Hands up. I got it wrong. Yes, the Tory vote did jump 6 points, exactly as I predicted. But Labour rose further and faster – to 41 per cent of the electorate. Jeremy Corbyn is much mocked for wanting to take Britain back to the strife-torn, impoverished 1970s, but in one respect he has succeeded royally in his quest – we are back to two-party politics in which the smaller fry (Lib Dems, Greens, Ukip) are relegated to the sidelines.
As the Queen might ask, ‘Why didn’t anyone see this coming?’ The short answer is that some did: pollsters YouGov and Survation both published polls in the latter part of the campaign showing a marked narrowing of the gap. But most of us dismissed their warnings as rogue surveys – and the same, wrong conclusion was drawn in the Tory high command.
So why did it happen? Why didn’t Theresa May secure the big majority that was apparently hers for the taking back in April when she stunned Westminster by calling a snap election? Two words: the old and the young.
The May campaign amounted to a self-inflicted double whammy. It both alienated the old and had precious little to offer the young.
The Tory manifesto amounted to a slap in the face for the party’s core supporters. It proposed a complex and unwelcome shake-up of social care, swiftly and cleverly derided as the dementia tax, it took away winter fuel payments, and it ended the so-called triple lock guaranteeing that the state pension would rise by at least 2.5 per cent a year. It also watered down previous promises not to increase taxation.
More generally, the Conservatives were offering everyone precious little, besides the opportunity to endorse Mrs May’s winning personality. There was no “retail offer” – no simple, concrete reasons for supporting the party. Bizarrely and uniquely, the Conservatives fought a campaign without unsheathing their biggest weapon – the economy. Voters were invited to give Mrs May a thumping majority so she could sail across the Channel and thump the Europeans. It was not enough.
Of course, the Tory campaign was not about Tory policies – it was about how self-evidently unfitted Jeremy Corbyn and his wild-eyed henchmen were to run the country. With the initial polls giving May stratospheric personal ratings, the calculation was that “strong and stable” would obliterate “coalition of chaos”. In the event, chaos won – in fact we seem to living it now as the Prime Minister attempts to struggle on in association with the hard-faced Democratic Unionists.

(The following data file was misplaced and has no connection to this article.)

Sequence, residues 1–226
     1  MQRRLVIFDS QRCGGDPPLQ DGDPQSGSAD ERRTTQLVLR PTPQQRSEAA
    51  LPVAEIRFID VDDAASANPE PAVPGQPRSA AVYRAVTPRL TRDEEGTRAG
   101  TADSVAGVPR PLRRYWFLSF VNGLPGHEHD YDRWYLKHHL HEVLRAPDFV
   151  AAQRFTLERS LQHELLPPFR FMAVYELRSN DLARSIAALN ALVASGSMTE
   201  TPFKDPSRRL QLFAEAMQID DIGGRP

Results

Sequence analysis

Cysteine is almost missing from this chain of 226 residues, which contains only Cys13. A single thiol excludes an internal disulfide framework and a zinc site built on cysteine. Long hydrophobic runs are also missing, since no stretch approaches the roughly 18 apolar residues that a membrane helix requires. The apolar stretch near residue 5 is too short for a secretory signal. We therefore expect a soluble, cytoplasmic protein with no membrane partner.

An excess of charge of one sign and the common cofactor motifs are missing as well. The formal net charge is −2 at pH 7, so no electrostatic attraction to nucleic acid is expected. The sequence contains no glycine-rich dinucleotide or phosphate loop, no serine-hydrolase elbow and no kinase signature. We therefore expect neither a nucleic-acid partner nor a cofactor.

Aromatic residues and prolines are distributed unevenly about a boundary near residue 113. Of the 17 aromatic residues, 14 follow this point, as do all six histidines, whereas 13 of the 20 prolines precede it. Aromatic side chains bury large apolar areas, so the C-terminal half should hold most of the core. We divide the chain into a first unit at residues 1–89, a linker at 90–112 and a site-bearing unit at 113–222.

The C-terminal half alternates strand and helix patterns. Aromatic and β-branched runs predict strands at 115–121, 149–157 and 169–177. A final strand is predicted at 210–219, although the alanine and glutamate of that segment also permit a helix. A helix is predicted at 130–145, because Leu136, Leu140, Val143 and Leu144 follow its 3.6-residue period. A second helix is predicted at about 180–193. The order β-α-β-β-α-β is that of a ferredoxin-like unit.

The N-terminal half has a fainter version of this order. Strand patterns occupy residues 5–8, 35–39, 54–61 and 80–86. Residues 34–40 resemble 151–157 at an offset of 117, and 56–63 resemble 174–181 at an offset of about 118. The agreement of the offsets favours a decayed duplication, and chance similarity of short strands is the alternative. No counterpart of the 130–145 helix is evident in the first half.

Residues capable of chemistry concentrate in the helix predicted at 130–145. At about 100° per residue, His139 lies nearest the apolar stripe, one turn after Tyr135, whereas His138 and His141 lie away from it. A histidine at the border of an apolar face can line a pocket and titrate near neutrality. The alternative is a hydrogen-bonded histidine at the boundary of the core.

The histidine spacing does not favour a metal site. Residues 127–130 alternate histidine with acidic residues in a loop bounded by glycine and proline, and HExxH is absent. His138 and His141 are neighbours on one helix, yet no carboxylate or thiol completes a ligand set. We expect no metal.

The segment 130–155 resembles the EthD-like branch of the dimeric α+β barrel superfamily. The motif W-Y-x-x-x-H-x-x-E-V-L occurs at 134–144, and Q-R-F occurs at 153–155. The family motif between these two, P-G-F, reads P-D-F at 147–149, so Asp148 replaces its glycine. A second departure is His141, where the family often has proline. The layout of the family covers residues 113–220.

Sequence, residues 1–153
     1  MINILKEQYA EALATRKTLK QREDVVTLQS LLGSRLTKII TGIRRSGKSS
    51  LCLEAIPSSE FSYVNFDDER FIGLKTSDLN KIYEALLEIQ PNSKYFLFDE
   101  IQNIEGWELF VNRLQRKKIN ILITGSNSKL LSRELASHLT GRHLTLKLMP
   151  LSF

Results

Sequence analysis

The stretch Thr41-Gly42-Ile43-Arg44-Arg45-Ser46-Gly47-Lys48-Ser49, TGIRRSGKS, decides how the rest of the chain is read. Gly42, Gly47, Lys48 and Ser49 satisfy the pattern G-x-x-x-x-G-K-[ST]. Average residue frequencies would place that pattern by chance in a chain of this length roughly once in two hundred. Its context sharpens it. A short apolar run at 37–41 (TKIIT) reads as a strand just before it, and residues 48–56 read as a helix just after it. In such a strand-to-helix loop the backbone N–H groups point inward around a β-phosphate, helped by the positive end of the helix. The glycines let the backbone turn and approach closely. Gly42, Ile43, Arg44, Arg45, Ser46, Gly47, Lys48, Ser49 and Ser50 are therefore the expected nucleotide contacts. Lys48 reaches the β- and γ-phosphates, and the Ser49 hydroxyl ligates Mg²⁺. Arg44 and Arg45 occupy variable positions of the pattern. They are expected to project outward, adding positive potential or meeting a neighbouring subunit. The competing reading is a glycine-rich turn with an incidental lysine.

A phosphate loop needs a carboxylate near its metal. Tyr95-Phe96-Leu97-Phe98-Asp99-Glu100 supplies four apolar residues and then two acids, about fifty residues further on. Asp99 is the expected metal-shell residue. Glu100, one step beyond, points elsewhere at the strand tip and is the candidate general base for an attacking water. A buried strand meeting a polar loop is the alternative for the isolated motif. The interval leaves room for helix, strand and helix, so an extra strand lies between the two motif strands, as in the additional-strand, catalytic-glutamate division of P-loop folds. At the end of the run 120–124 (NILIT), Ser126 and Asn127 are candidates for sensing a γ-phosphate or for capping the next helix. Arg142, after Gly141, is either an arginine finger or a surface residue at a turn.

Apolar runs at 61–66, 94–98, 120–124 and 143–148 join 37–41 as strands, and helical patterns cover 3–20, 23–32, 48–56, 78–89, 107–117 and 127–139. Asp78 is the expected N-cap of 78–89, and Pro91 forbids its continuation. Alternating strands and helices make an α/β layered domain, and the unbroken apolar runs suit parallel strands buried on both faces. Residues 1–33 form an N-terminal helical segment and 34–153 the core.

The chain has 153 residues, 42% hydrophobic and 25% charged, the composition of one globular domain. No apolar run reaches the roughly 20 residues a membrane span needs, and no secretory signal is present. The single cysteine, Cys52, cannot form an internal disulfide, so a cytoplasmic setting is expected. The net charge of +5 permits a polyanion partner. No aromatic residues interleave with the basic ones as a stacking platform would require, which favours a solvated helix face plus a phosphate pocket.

Meanwhile, Corbyn moved to exploit his opportunities. His wish list of a manifesto promised the earth with no visible means of support – but that was exactly what the young wanted to hear. Not only tuition fees would be scrapped but past debts would be written off. Fat cats would be squeezed and what Tony Benn used to call the “commanding heights” of the economy (energy companies, water, railways) would be brought back under state control. Young people (anyone under the age of 40, their heads bursting with the fruits of years of leftist school and university propaganda) turned to Corbyn in droves.
And this time, the Facebook generation put down their smartphones for a few minutes and actually made it to the polling station. Detailed analysis of the demographics of the vote is yet to come, but with turnout up to 1997 Blairmania levels (69 per cent) it is a safe bet that for once the young registered their feelings at the ballot box.
The old, smarting from the dementia tax, were no longer numerous enough to outweigh a generation raised on the narcissism of social media. The effects were seen spectacularly in London, the stronghold of the Corbynistas where swings of 10 per cent were commonplace. As the Ukip vote collapsed, the Tories rose to 44 per cent of the vote. But Labour jumped from 31 to 41 as its model young army formed ranks.
For all that, the sense of shock generated by last night’s events should not obscure some simple facts. Labour did not win the election – it ended the night more than 60 seats short of the magic 326 needed to form a majority government. It did no better than Gordon Brown in 2010. Theresa May has the parliamentary arithmetic to carry on governing and she went to the Palace today to begin the process of forming a new administration.
But for Mrs May it can never be glad, confident morning again. Her honeymoon is well and truly over. The campaign, which pinned so much on her shoulders, revealed her to be lacking in the charisma, wit and spontaneity essential for inspirational leadership.
As for Brexit, her negotiating position is badly weakened. She asked for a mandate to drive a hard bargain in Brussels. The electorate has deprived her of the moral and political authority that would have flowed from a big win. In that sense, the national interest is damaged.
How long can she last? The Sunday papers will set about answering that question. Not long, is my guess. She doesn’t seem to enjoy the job – at least the bit that involves connecting with the bloody voters.